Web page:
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Emotional intelligence prevails when system glitch surfaces at Amazon

A couple weeks back, I ordered two items on Amazon. When the delivery failed, I requested and immediately received a full refund. I re-ordered the items. Two days later, the “undeliverable” items showed up.

I likely could have kept quiet and gotten everything free. Instead, I called and explained the situation. At first, the rep suggested re-instituting the charge for the now-delivered items and cancelling the pending orders. That would have worked fine, except that the re-order cost of one item had dropped roughly $6. So, I asked for a corresponding credit on the difference.

Evidently, that threw the systems into a tizzy because the next thing I knew I was talking to someone seemingly higher up the totem pole. When I explained my desire for the $6 credit, she said there was no way to do that—so she gave me everything for free.

This prompts two thoughts:

1. Amazon once again confirmed its reputation as a truly customer-centric company. Now, they just need to concentrate more on emotionally intelligent policies for another customer base—their employees;

2. It seems ridiculous to refund 100% of a purchase versus subtracting a small amount to handle the different pricing.

All of this makes me wonder why Amazon isn’t equipped to handle these seemingly routine and, likely, frequent requests. Instead of making a relatively small adjustment to sync up everything, they’re absorbing the entire purchase cost. Perhaps it’s akin to their policy on smaller purchases. When someone wants to return an item for credit, Amazon sometimes tells them to keep it. Evidently, the cost of handling the return outweighs the value of getting the item(s) back.

A less customer-centric company probably would have not been as generous—either billing me the full amount or requesting a return of the “undeliverable” items for credit. Either of these offers would have been less emotionally intelligent.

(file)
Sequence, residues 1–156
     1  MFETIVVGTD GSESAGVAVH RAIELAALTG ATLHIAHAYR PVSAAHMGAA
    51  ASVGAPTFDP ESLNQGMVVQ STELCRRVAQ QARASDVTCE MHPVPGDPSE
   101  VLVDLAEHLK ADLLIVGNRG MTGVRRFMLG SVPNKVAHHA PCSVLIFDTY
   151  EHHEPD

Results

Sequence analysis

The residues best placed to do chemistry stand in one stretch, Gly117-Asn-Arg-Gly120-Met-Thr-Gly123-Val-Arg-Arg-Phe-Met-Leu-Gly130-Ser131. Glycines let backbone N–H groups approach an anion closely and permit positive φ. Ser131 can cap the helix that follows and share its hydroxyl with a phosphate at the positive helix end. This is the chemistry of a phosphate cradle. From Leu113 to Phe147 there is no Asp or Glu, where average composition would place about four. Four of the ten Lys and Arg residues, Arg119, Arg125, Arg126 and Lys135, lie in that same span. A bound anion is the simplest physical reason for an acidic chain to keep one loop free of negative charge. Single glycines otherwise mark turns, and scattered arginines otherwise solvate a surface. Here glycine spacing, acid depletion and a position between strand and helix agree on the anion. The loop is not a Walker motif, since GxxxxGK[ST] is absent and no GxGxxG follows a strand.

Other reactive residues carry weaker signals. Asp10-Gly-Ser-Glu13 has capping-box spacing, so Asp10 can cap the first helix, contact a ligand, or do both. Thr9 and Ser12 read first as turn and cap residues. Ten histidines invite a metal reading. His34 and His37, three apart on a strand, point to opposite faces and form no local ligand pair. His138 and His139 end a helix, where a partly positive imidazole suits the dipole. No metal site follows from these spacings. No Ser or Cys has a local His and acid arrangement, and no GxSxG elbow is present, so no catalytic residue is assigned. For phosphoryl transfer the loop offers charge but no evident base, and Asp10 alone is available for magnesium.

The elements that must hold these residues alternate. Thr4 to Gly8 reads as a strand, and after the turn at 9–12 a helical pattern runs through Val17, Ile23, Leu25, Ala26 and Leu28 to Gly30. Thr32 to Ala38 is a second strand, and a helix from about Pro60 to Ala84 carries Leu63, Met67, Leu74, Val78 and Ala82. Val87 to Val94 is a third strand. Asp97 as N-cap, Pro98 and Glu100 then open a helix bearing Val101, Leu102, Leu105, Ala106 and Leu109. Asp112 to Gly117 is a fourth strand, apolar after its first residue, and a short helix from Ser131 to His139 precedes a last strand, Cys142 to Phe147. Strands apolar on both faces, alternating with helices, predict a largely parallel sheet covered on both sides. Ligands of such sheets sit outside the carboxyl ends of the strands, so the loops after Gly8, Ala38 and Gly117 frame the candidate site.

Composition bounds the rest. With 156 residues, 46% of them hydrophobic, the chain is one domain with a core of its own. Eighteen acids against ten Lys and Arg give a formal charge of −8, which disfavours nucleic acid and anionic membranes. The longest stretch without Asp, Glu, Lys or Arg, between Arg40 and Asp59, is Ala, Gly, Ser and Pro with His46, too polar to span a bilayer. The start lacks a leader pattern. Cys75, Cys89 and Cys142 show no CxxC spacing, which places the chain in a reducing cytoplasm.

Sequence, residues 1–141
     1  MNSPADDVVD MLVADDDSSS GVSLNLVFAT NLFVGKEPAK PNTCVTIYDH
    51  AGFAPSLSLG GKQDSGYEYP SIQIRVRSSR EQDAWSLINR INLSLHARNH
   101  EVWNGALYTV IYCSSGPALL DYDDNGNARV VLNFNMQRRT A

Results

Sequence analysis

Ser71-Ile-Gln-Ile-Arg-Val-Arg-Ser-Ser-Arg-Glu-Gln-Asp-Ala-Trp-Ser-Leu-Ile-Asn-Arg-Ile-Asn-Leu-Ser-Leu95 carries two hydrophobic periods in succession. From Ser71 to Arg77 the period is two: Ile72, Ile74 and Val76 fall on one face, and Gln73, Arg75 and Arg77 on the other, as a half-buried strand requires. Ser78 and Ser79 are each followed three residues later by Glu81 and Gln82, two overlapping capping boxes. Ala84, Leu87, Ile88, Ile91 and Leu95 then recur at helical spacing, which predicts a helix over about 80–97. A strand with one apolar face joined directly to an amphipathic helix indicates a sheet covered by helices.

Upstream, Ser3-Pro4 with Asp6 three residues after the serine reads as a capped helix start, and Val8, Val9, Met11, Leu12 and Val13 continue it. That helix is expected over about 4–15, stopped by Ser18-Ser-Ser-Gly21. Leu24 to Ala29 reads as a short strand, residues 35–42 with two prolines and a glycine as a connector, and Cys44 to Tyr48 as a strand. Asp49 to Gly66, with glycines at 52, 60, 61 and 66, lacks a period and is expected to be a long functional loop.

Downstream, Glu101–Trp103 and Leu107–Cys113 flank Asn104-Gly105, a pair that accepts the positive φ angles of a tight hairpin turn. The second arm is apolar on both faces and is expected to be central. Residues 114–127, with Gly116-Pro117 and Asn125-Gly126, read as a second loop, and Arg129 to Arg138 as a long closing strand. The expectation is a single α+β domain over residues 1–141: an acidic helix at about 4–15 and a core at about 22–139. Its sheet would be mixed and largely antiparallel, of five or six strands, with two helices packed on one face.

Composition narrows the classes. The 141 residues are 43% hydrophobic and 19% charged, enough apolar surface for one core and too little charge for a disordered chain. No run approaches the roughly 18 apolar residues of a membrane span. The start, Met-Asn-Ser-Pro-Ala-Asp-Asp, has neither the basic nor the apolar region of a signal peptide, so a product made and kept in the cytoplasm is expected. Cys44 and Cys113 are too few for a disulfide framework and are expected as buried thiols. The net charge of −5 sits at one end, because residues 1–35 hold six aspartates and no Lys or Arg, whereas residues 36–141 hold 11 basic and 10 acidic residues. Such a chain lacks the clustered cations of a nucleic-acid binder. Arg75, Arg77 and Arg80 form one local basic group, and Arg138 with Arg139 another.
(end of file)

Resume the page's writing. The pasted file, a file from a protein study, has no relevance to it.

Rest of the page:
In any event, there’s always the value of further building customer satisfaction, trust, and loyalty. Second to Costco, Amazon has my vote for emotionally intelligent customer service.

In the long run, as Amazon undoubtedly surmises, that will bring in many more dollars than would have been the case with a less  customer-centric service policy.

Given that Amazon’s customer service also is good for the bottom line, you’d think that many more companies would “see the light” to see better profits. Unfortunately, all too often, bean-counter tunnel vision seems to prevail—ultimately costing companies in ways that aren’t immediately apparent.

I continue to shake my head about shortsighted customer service policies that alienate and drive customers away instead of cementing their longevity. My personal solution is to do as much business as possible with companies that provide emotionally intelligent customer service, while avoiding the emotionally ignorant ones.

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A key tenet of successful customer service is the level of emotional intelligence or ignorance that prevails. This pervades all facets of customer service, but one where much improvement is needed is the written word. Especially now, amid major stress, anger, and frustration, corporate America could do itself proud by communicating positively and supportively. Instead, it appears often that the level of human angst also permeates the tone of written communications. Companies wanting to up their level of customer service need to look at toning down harsh communications.

Mark Lusky

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